I have a client playing college football for Montana next year.  He has had issues with stingers any suggestions to help with those. I am thinking heavy farmers walks and deadlifts. Maybe some bridge work. Any suggestions would be helpful. He is playing tight end.



For those you that have never played contact sports or were not privy to bone crushing hits on a daily basis, a stinger or burner is an injury to a group of large nerves in the upper body. Usually a stretch or compression, or a combination of both, of the brachial plexus results in a burning sensation and lose of strength. The brachial plexus is a network of nerves that has just exited the spinal cord. These nerves travel across the shoulder and into the arm and are important in directing the muscles of the arm, and sending sensory information from the upper body to the brain.

Why do stingers happen?

This is a more perplexing question as very people can actually tell you why stingers plague certain people and not others. In my 20-year football career I had only a handful of stingers and they never lasted more than a few seconds. I never experienced any loss of strength or time missed. However, I played with more than a few players that we hampered by stingers and lost considerable time. A few of which had to retire due to chronic stingers and permanent nerve damage.

I think a contributing factor to my lack of stingers was a singular mindset when taking the field…to always be the hammer. Someone long ago told me “on every play, you are either the hammer or the nail”. On every play if I could be the hammer and make some poor bastard the nail, I would have have success and avoid injury…most of the time.

Unfortunately, the handful of stingers I received were a result of being the nail. Either I did not see the guy coming or my face was turned and took a big shot to the head or a linebacker or blitzing safety coming through the line to deliver me a blow. All of these resulted in a stinger. It happened when my head was turned or I took a shot to the side of the helmet that caused my neck to snap in an unnatural way.


I think the reason I had few stingers and no neck injuries was a result of weight training. From the first time I decided to lift weights I wanted big traps. After all, traps are the hallmark of a powerful physique. Have you ever seen a guy squat 300+ kgs or clean 180+ kgs with no traps? No. Olympic lifters, football players and strong dudes have big thick neck and traps. Traps are the “shock absorbers” and “buttresses” for the neck. As the traps grown thick in the upper back they act like a natural neck roll that prevents your head from snapping back. You attach those thick traps to a some strong shoulders and a back that looks like it was constructed with steel cables and you have makings of a upper body that will survive the day in, day out punishment of the NFL.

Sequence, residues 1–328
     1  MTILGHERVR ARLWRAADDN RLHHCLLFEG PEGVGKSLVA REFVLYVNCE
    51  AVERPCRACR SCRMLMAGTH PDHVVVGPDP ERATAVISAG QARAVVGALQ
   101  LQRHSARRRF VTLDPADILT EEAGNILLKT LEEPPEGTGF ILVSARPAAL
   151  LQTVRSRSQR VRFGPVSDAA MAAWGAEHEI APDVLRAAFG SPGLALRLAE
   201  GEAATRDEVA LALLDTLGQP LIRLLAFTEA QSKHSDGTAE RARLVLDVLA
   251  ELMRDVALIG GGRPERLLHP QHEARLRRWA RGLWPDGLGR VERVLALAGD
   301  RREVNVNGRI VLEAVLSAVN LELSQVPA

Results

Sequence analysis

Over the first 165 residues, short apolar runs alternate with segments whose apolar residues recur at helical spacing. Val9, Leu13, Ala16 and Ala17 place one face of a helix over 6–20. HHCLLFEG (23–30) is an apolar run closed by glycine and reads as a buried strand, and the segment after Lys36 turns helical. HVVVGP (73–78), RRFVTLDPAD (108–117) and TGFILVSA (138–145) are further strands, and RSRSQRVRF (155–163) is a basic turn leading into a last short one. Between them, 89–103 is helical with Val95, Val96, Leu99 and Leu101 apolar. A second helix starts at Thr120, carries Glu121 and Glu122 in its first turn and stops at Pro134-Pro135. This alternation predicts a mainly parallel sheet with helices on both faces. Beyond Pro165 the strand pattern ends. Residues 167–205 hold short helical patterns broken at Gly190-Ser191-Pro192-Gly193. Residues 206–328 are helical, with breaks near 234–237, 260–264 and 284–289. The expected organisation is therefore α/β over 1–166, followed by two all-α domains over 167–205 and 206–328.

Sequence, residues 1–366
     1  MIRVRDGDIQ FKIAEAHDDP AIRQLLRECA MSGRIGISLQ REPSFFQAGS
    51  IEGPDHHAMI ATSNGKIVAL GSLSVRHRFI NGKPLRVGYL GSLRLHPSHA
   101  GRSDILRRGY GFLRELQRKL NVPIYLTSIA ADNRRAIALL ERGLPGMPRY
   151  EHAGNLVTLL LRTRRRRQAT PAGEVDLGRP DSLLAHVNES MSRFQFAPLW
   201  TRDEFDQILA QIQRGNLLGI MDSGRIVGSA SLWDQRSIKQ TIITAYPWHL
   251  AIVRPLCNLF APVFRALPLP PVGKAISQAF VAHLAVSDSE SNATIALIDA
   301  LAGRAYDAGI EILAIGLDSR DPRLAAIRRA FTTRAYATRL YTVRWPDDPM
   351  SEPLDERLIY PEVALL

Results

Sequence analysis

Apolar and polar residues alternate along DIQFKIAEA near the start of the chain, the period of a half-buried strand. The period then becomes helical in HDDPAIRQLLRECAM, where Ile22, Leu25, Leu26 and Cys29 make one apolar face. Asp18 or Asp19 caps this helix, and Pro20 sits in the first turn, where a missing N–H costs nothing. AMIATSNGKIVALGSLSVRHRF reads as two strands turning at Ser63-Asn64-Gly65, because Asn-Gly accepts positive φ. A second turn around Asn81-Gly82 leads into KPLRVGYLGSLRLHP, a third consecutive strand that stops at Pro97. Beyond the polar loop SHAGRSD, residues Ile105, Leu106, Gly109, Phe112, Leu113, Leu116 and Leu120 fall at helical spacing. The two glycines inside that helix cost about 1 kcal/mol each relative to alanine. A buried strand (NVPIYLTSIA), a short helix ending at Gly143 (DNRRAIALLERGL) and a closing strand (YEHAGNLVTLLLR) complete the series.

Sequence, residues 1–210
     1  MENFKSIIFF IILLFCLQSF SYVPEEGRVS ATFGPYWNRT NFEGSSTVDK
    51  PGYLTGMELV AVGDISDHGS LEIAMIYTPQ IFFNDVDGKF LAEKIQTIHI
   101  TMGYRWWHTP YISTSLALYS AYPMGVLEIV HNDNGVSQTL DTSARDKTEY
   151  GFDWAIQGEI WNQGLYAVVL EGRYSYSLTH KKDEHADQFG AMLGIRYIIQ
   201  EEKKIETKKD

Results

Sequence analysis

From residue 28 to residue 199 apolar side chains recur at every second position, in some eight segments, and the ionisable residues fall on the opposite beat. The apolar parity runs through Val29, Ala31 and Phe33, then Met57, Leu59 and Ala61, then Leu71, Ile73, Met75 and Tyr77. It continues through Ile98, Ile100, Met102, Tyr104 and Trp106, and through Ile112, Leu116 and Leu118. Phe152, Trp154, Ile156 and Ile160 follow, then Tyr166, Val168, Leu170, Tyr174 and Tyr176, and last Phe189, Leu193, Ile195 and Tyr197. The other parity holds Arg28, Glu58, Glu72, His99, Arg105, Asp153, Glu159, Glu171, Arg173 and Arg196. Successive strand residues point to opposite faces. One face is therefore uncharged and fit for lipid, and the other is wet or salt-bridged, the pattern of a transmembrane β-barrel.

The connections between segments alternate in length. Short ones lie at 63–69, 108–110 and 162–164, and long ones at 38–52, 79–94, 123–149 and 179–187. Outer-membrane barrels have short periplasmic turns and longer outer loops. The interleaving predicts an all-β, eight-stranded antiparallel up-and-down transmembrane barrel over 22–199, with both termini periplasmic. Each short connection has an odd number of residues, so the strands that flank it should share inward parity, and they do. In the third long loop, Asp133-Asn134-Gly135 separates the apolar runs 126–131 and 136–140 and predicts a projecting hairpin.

How do we go about constructing them?

Any lifter or coach worth their salt will tell you, all the big muscles you can’t see in the mirror are built by pulling. Heavy deadlifts, cleans, snatches, clean pulls, snatch pulls, shrugs, rack pulls, halting deadlifts, pull ups, chin ups, bent rows, one-arm DB rows…anything that involves a row or a pull builds the traps and back. However, the two exercises I feel play the biggest part in trap and neck development are pushes…the back squat and weighted dips.


When squatting, think about bringing your hands in close, pinky finger on the rings, and putting the bar at the base of the traps. Right before you descend, stand up straight, torque your elbows up a bit and push your neck back into your traps. This tightens up the upper back and has been a major player in my trap and neck strength. Mix that with some weighted dips, and I am not talking about a belt with some weight on a chain. Find some big heavy chains and drape them around you neck as you are doing bar dips. The struggle of trying to stay in a good position and keep your head up with weight around your neck does a number on traps, shoulder and neck.

The last part of puzzle is manual resistance. I never liked to use the neck strap or any equipment for training the neck. I preferred to use multi-direction manual resistance for the neck. For those of you that have not been to a CrossFit Football Certification and heard Raphael Ruiz’s information, manual resistance is using a spotter to apply the resistance usually supplied by a weights or machine. Manual resistance has great advantages as the muscles can be worked maximally each repetition and to failure. And as an individual’s strength decreases, the spotter can apply the correct pressure through out the movement. The spotter, in conjunction with the lifter, can also control the speed of the movement. This is a valuable as you can train the neck in more than just straight up and down, right to left and multiple angles. And those violent angular movements on the football field tend to lead to stingers. After every lift in Philadelphia, I would grab Tommy or Wolfie and train my neck to failure in every plane of motion they could think of. If you have never experienced a solid neck pump, I highly suggest it.

Jake…if I were to offer a prescription for your client, it would look something like this…Olympic lifting and power movements with pulls in both the horizontal and vertical planes. Heavy back squats, weighted dips and neck training with manual resistance.

Tell your client good luck and stay safe.